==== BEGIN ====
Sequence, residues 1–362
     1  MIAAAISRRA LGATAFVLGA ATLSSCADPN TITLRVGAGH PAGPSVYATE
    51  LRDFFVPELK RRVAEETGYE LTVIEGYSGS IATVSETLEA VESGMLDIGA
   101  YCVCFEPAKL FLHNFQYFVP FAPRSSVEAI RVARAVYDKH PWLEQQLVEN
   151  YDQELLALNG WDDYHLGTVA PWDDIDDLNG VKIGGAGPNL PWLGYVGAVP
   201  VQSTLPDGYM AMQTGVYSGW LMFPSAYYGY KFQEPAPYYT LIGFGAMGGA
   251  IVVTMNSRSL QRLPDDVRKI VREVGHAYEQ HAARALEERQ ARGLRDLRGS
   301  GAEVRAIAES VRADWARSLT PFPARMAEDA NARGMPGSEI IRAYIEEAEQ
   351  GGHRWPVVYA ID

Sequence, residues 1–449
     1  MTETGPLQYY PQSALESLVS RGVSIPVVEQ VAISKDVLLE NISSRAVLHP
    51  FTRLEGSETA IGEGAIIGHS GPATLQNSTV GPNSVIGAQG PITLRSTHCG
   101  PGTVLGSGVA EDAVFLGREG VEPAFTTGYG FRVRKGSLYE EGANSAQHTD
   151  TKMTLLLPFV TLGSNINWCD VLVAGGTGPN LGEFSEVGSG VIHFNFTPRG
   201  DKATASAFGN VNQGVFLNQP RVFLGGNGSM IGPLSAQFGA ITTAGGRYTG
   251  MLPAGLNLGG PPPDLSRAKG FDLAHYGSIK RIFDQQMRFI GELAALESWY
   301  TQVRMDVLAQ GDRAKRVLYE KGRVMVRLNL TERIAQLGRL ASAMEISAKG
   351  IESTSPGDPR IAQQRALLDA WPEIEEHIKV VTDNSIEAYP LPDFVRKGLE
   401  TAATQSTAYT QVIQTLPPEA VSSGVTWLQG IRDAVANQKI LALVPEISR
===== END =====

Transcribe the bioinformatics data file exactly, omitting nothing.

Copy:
Sequence, residues 1–362
     1  MIAAAISRRA LGATAFVLGA ATLSSCADPN TITLRVGAGH PAGPSVYATE
    51  LRDFFVPELK RRVAEETGYE LTVIEGYSGS IATVSETLEA VESGMLDIGA
   101  YCVCFEPAKL FLHNFQYFVP FAPRSSVEAI RVARAVYDKH PWLEQQLVEN
   151  YDQELLALNG WDDYHLGTVA PWDDIDDLNG VKIGGAGPNL PWLGYVGAVP
   201  VQSTLPDGYM AMQTGVYSGW LMFPSAYYGY KFQEPAPYYT LIGFGAMGGA
   251  IVVTMNSRSL QRLPDDVRKI VREVGHAYEQ HAARALEERQ ARGLRDLRGS
   301  GAEVRAIAES VRADWARSLT PFPARMAEDA NARGMPGSEI IRAYIEEAEQ
   351  GGHRWPVVYA ID

Sequence, residues 1–449
     1  MTETGPLQYY PQSALESLVS RGVSIPVVEQ VAISKDVLLE NISSRAVLHP
    51  FTRLEGSETA IGEGAIIGHS GPATLQNSTV GPNSVIGAQG PITLRSTHCG
   101  PGTVLGSGVA EDAVFLGREG VEPAFTTGYG FRVRKGSLYE EGANSAQHTD
   151  TKMTLLLPFV TLGSNINWCD VLVAGGTGPN LGEFSEVGSG VIHFNFTPRG
   201  DKATASAFGN VNQGVFLNQP RVFLGGNGSM IGPLSAQFGA ITTAGGRYTG
   251  MLPAGLNLGG PPPDLSRAKG FDLAHYGSIK RIFDQQMRFI GELAALESWY
   301  TQVRMDVLAQ GDRAKRVLYE KGRVMVRLNL TERIAQLGRL ASAMEISAKG
   351  IESTSPGDPR IAQQRALLDA WPEIEEHIKV VTDNSIEAYP LPDFVRKGLE
   401  TAATQSTAYT QVIQTLPPEA VSSGVTWLQG IRDAVANQKI LALVPEISR